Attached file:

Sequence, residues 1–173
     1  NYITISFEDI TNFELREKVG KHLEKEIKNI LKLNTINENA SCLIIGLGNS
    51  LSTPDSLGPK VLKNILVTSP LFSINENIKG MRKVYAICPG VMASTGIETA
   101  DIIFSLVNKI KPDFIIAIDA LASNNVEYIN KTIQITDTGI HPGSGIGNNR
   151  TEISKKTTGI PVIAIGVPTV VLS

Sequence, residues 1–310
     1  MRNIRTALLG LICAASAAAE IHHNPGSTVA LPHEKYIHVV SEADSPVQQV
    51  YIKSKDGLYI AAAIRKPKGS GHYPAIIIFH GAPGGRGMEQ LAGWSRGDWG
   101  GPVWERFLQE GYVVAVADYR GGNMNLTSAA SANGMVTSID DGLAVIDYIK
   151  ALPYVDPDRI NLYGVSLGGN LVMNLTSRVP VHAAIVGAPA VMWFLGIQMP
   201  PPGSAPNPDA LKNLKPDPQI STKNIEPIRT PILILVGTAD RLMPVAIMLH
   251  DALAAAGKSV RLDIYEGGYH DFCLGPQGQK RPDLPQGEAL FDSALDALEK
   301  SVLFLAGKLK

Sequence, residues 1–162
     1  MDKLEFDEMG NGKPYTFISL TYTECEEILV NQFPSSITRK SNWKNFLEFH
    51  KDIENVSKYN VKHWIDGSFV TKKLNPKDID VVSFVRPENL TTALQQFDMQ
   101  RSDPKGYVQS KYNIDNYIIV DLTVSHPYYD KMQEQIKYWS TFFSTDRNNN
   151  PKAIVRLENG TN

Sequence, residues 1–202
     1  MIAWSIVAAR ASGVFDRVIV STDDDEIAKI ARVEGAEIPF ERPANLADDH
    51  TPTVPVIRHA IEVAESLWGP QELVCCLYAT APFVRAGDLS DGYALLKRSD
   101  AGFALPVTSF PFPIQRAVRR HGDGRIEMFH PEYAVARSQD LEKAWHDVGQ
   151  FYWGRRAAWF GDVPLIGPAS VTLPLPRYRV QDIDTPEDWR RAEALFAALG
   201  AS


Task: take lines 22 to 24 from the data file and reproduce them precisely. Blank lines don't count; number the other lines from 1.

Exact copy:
   101  AGFALPVTSF PFPIQRAVRR HGDGRIEMFH PEYAVARSQD LEKAWHDVGQ
   151  FYWGRRAAWF GDVPLIGPAS VTLPLPRYRV QDIDTPEDWR RAEALFAALG
   201  AS